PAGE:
But I was born during those Queens years. We lived in Flushing till I was two, then in Rosedale-Laurelton (near Jamaica) till I was four. I was the only member of my extended family born in Queens, and because of this Queens has always had a sort of romantic mysterious childhood sense to me. Or maybe I developed this fascination as a defensive mechanism: I have the indignity of a birth certificate that lists Flushing as my place of birth, and I suppose I needed to develop some kind of fierce loyalty just to counter the utter embarrasment of this. Flushing is actually a 17th Century town founded by Dutch settlers from the town of Vlassingen, Holland, but it's been a target for jokes since then. I remember a typical exchange from All In The Family when Archie Bunker is going through some boxes in his attic and picks up a big felt 'F'.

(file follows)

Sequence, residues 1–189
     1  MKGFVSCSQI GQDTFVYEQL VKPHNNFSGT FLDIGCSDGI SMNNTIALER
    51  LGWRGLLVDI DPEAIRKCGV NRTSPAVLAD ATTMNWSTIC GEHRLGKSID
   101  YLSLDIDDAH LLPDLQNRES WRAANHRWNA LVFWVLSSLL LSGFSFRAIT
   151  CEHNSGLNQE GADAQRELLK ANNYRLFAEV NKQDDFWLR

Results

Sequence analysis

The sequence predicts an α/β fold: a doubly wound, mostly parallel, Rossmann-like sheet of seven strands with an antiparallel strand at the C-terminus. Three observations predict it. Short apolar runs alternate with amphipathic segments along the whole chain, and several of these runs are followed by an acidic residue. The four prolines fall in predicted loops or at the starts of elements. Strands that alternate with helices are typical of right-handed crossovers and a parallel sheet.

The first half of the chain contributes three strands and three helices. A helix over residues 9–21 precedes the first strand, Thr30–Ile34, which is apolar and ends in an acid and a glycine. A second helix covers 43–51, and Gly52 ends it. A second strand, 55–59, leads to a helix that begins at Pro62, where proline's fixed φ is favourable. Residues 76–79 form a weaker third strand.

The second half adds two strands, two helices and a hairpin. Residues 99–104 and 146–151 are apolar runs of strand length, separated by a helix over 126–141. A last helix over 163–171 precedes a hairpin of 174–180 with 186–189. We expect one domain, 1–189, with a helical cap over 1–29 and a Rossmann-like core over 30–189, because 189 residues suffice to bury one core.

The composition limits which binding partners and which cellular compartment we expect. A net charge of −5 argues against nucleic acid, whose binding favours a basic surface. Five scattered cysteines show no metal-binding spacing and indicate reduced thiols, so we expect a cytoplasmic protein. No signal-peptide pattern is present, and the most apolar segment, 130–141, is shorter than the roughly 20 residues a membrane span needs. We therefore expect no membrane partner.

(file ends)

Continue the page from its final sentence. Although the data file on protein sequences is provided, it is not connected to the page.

Mike : What's that, your high school letter?Real funny. Ha ha. Me and Archie Bunker, we're not amused.
Archie : Yeah.
Mike : What's it stand for?
Archie : Flushing.
Mike : Oh, so that's what ya majored in!
It was great fun, though, watching Maggie's parents react as Maggie and I bought a co-op (in Forest Hills), moved in, painted it and prepared to raise our new daughter there. We made them come visit us to see the baby, and if you want to picture the expressions on Lucille and Raymond's faces as they walked through the streets of Queens towards the door of our building, just try to picture Queen Elizabeth and her entourage seated in the hooligan section during a British football match. It was great. From that day on they tried to avoid having to come visit us in the city, and begged us to drive out to New Jersey instead, and when we refused they'd put on a big show of getting lost on the city streets. We'd just sit back and enjoy it: every time they'd come there'd be another woeful tale of getting lost in the wilds of Jamaica or almost getting mugged in Hollis, of near-death collisions involving maniacal cab drivers near Hunters Point -- neighborhoods, all of them, that they did not need to drive through at all to reach us in Forest Hills.
For chrissakes, the streets are numbered here. It doesn't take a friggin' genius.